If you’ve ever given up a lot, worked really hard, and seen almost no fruit from all your efforts, then you’re in good company with St. Peter Chanel.
Born and raised in 1803 in France, St. Peter was one of eight children. He spent his early years as a shepherd, caring for the family flock, before his intelligence and serious manner were noticed by the parish priest. After spending a few years in the local school, St. Peter eventually made his way into the seminary and was ordained a priest in 1827.
Although he deeply desired to be sent abroad to the foreign lands as a missionary, his first assignment was very close to home. Chanel was given the post of parish priest at the church in Crozet, a small town in eastern France. Even though this assignment was not the opportunity he had been hoping for, it was what he needed to prepare him for his eventual missionary work in Oceania.
In the small parish of Crozet, Chanel discovered an empty church and an indifferent populace. Leaning into his natural kindness and simplicity, St. Peter approached the situation by giving special attention to the sick of the village. His care of and concern for the ill won over his parishioners, who noticed his zeal and sincerity, and this three-year assignment was considered a success. During this mission, Chanel learned that truly caring for the needs of the people and being concerned with the same things that concerned them was a very effective method of evangelization. His actions spoke much more loudly than any words.
During his time in Crozet, St. Peter heard about a new order being formed by a group of priests. This order would be devoted to Mary, Mother of God, and in time would come to be known as the Marists, an order that is still at work in the world today. Chanel joined the Marists, who were later assigned to carry out missionary work in western Oceania, an area that includes Micronesia, Melanesia, Fiji, New Zealand, Samoa and Tonga. On December 24, 1836, Chanel set out on a nine month sea voyage with seven other Marists, headed for the other side of the world.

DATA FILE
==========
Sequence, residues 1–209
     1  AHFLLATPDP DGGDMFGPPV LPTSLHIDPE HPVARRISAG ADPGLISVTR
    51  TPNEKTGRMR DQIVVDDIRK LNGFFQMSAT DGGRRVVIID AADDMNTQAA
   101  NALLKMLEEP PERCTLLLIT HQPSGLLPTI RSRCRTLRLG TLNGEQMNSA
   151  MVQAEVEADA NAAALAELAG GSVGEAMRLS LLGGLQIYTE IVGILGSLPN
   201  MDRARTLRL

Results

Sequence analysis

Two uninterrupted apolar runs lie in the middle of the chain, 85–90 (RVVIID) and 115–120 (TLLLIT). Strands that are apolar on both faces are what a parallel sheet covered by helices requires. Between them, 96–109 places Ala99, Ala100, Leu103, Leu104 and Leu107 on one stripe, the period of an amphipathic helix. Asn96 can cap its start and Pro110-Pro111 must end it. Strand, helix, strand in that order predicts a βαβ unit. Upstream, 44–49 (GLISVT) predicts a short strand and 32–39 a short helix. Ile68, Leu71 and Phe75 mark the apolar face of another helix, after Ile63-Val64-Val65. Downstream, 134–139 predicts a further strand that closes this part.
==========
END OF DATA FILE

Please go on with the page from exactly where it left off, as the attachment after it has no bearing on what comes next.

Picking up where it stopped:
After making some short stops at the Canary Islands, Tahiti and Tonga, Chanel settled into the island of Futuna. He would remain on this island until his martyrdom, a little more than three years later.
On Futuna, the Marists were initially welcomed and so they began to learn the language and acclimate themselves to a very different culture and climate than what they had known. In fact, King Niuliki, the leader of Futuna Island, had only recently outlawed cannibalism. During these three years Chanel suffered from isolation and deprivation, but he chose to respond to his trying circumstances by exhibiting the same care and concern for the people of Futuna that he had shown in Cozet. Eventually, this began to succeed and some of the people were baptized.
Unfortunately, as more people listened to Chanel and came to trust him and his message, the tribal king grew increasingly jealous. When the king’s son, Meitala, asked for baptism, King Niuliki responded with hostility and violence. Replying to the king with his characteristic charity, Chantel wrote “It does not matter whether or not I am killed. The religion has taken root on the island. It will not be destroyed by my death, since it comes not from men but from God.” Nevertheless, the king ordered his son-in-law, Musumusu, to stop the baptism using any means necessary. Musumusu visited Chanel with some other island warriors and killed him. St. Peter died on April 28, 1841.
At first glance, it does not seem that all the effort and sacrifice St. Peter had undergone amounted to much at all. Yet within two years of his death, almost the entire island had converted and remains Catholic today. Even though St. Peter did not experience the fruit of his labor when he was alive, we have faith that he did see it after his death and that he continues to pray and intercede for the people of the South Pacific today.
Chanel was canonized by Pope Pius XII in 1954 and is the patron saint of Oceania. The Church celebrates his feast day with an Optional Memorial on April 28.
O God, who for the spreading of your Church crowned Saint Peter Chanel with martyrdom, grant that, in these days of Paschal joy, we may so celebrate the mysteries of Christ’s Death and Resurrection as to bear worthy witness to newness of life. Through our Lord Jesus Christ, your Son, who lives and reigns with you in the unity of the Holy Spirit, one God, forever and ever. Amen (the Collect for April 28, Optional Memorial of St. Peter Chanel)